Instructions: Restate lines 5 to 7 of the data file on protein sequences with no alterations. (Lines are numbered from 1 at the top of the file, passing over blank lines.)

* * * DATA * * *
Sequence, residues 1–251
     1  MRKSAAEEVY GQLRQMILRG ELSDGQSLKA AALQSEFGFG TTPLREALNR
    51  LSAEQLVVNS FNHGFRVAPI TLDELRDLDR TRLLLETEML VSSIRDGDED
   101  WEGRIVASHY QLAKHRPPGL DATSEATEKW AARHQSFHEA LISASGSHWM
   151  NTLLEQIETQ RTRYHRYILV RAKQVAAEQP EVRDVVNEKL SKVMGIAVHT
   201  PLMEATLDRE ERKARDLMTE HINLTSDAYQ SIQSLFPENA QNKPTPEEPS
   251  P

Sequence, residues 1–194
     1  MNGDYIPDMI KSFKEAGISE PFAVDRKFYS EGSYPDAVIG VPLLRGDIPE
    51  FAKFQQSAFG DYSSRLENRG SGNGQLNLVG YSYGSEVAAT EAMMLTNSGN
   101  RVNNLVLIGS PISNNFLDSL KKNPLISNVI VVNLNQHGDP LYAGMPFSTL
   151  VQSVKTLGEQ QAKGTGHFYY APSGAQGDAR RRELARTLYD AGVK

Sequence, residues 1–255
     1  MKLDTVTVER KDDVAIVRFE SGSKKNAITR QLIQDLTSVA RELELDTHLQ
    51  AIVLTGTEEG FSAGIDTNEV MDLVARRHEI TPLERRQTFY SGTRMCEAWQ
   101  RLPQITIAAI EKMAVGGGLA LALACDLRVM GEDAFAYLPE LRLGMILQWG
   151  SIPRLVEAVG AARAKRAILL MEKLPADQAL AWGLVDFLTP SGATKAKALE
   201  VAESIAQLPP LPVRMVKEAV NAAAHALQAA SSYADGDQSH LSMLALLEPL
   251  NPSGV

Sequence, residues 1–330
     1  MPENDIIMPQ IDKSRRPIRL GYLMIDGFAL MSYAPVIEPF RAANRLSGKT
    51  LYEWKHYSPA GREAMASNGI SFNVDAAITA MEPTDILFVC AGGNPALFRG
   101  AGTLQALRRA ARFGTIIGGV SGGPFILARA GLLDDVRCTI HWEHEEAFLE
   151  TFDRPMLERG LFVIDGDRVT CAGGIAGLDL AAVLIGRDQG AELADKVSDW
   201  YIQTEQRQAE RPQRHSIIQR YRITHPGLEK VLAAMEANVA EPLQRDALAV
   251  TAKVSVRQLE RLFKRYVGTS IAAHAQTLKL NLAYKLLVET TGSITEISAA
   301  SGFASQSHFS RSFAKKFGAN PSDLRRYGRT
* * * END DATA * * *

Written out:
   151  NTLLEQIETQ RTRYHRYILV RAKQVAAEQP EVRDVVNEKL SKVMGIAVHT
   201  PLMEATLDRE ERKARDLMTE HINLTSDAYQ SIQSLFPENA QNKPTPEEPS
   251  P